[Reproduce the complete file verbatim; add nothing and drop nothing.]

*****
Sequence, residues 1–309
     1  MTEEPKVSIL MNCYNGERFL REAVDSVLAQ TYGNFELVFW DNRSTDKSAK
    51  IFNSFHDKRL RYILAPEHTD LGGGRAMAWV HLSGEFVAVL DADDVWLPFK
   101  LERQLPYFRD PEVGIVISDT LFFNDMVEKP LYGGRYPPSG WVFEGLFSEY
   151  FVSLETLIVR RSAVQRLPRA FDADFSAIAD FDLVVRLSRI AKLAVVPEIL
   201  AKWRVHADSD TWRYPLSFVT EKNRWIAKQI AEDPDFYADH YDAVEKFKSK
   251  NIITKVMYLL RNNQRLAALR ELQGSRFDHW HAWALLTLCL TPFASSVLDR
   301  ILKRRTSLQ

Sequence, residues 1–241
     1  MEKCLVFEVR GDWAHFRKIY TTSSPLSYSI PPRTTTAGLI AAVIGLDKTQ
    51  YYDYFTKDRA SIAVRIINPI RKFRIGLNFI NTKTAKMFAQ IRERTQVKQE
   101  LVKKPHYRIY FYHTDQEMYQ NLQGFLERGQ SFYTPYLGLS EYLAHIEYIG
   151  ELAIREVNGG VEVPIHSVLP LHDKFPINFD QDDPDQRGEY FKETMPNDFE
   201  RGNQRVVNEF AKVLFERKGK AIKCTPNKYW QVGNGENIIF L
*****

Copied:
Sequence, residues 1–309
     1  MTEEPKVSIL MNCYNGERFL REAVDSVLAQ TYGNFELVFW DNRSTDKSAK
    51  IFNSFHDKRL RYILAPEHTD LGGGRAMAWV HLSGEFVAVL DADDVWLPFK
   101  LERQLPYFRD PEVGIVISDT LFFNDMVEKP LYGGRYPPSG WVFEGLFSEY
   151  FVSLETLIVR RSAVQRLPRA FDADFSAIAD FDLVVRLSRI AKLAVVPEIL
   201  AKWRVHADSD TWRYPLSFVT EKNRWIAKQI AEDPDFYADH YDAVEKFKSK
   251  NIITKVMYLL RNNQRLAALR ELQGSRFDHW HAWALLTLCL TPFASSVLDR
   301  ILKRRTSLQ

Sequence, residues 1–241
     1  MEKCLVFEVR GDWAHFRKIY TTSSPLSYSI PPRTTTAGLI AAVIGLDKTQ
    51  YYDYFTKDRA SIAVRIINPI RKFRIGLNFI NTKTAKMFAQ IRERTQVKQE
   101  LVKKPHYRIY FYHTDQEMYQ NLQGFLERGQ SFYTPYLGLS EYLAHIEYIG
   151  ELAIREVNGG VEVPIHSVLP LHDKFPINFD QDDPDQRGEY FKETMPNDFE
   201  RGNQRVVNEF AKVLFERKGK AIKCTPNKYW QVGNGENIIF L